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Karl Blau Karl Blau
Album: Introducing Karl Blau
Label: Bella Union
Tracks: 10

This actually came out last year, but an upcoming UK tour in February sees it being deservedly repromoted. Despite what the title may suggest, this isn't a debut, indeed, Blau, who's based in Washington, has released some 40 albums in the past 20 years (including a reggae reimagining of Tchaikovsky's "Nutcracker Suite"), albeit the vast majority either as downloads or cassettes, some studio, some live, through his subscription service , although this is only the eighth to have a label release as such.

Nor is it a compilation of old material trawled from the back catalogue, but, while new recordings, they are also all covers of Nashville country hits from the 1960s and 70s rather than originals. Produced by Tucker Martine, who was introduced to Blau's work by Laura Veirs (who guests on the album alongside My Morning Jacket's Jim James), it was sparked by a 7" single of Tom T. Hall's "That's How I Got to Memphis", now the opening track here and revealing Blau's tremulous, sonorous vocals. That led to the full album, conceived as taking old country-soul hits and recasting them with a modern feel, mining the songs' themes of loss, loneliness, infidelity, and melancholy to create a narrative flow, a journey from darkness to light.

Hall is featured twice, the second cut being his 1969 hit and the title track of the following year's album, "Homecoming", a poignant song about a songwriter's brief visit home to see his elderly father, though I do think the pacing here's a little too fast to suit the tone of the lyrics.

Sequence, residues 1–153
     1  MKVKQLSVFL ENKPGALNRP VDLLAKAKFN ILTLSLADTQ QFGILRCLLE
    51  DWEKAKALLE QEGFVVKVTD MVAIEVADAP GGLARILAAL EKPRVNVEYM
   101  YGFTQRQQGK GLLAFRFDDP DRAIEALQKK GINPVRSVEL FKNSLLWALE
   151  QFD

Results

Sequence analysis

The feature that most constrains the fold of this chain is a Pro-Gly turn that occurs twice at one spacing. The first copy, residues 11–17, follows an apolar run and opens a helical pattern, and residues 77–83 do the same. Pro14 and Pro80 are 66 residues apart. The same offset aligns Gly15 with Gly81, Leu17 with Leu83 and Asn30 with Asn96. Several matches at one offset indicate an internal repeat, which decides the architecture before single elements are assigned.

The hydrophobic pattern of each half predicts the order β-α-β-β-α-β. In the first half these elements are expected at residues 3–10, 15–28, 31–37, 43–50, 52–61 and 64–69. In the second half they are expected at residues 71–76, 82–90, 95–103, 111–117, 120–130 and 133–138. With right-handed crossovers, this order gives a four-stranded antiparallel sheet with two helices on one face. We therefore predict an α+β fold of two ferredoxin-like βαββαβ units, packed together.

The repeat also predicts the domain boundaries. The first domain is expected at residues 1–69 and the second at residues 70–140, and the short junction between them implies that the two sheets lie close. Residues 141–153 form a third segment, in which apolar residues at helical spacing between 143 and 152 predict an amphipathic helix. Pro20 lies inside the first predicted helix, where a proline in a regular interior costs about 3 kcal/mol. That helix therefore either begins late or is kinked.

Not all of the choices will be that familiar, the first case in point being "Six White Horses", not the Tommy Cash hit, but the anti-war number written by Bobby Bond and recorded by Waylon Jennings on "The Taker/Tulsa" album. Likewise, and decidedly more obscure, "Let The World Go By", a song written by Layng Martine, Jr, a member of the Nashville Songwriters Hall fo Fame who also penned "Way Down" for Elvis, and originally recorded in 1968 by the falsetto-voiced Glenn Yarborough, while Blau's version more suggests Lee Hazelwood. Equally, while it may have been his last number one, I'd bet few will have heard of Don Gibson's "Woman Sensuous Woman", Blau delivering a very faithful cover.

The last of the lesser known numbers is "Fallin' Rain", a protest number originally featured on Link Wray's self-titled 1971 album, here stretched out to some nine minutes with a lengthy introduction featuring what sounds like sleigh bells, Blau's delivery recalling Marvin Gaye's "What's Going On?"

The remaining four numbers will be immediately identifiable, the Bee Gees' "To Love Somebody" given pedal steel and female backing gospel singers to remake in the image of country soul, complemented by the warm, smooth vocals. Alan Reynold's "Dreaming My Dreams" (or, more accurately, "Dreaming My Dreams With You") has been covered by dozens of country artists, though is probably most indentified with Waylon Jennings, the deep voiced, slow carousel waltzing version here swathing strings around its simple guitar line.

Like Jennings, the more folk-oriented Tom Rush and Townes Van Zandt are iconic names in the history of early Americana and Blau has included their best known and most covered songs, the latter represented by the skipping rhythm of "If I Needed You", here given a fuller arrangement, and the former by a faithful reading of the wearily resigned "No Regrets" on which he actually sounds like Rush.

The decision to go with covers in order to introduce Blau to a wider audience was well reasoned, using the familiar as bait to hook listeners on his voice and relaxed style (in some ways he's a bit like a 21st century Don Williams), but, with the job done, a follow-up selection of some the best of his own material strikes me as a good idea.

Mike Davies